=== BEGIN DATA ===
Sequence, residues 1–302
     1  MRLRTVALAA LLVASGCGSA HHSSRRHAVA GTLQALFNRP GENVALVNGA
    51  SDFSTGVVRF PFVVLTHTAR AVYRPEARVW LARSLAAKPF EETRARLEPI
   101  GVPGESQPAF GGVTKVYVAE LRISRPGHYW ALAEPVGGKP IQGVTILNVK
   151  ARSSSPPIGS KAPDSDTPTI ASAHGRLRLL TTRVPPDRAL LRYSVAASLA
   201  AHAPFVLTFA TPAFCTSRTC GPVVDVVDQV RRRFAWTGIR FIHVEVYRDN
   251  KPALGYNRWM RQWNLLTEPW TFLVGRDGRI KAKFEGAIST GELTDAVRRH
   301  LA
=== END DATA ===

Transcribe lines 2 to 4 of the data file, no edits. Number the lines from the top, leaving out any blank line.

     1  MRLRTVALAA LLVASGCGSA HHSSRRHAVA GTLQALFNRP GENVALVNGA
    51  SDFSTGVVRF PFVVLTHTAR AVYRPEARVW LARSLAAKPF EETRARLEPI
   101  GVPGESQPAF GGVTKVYVAE LRISRPGHYW ALAEPVGGKP IQGVTILNVK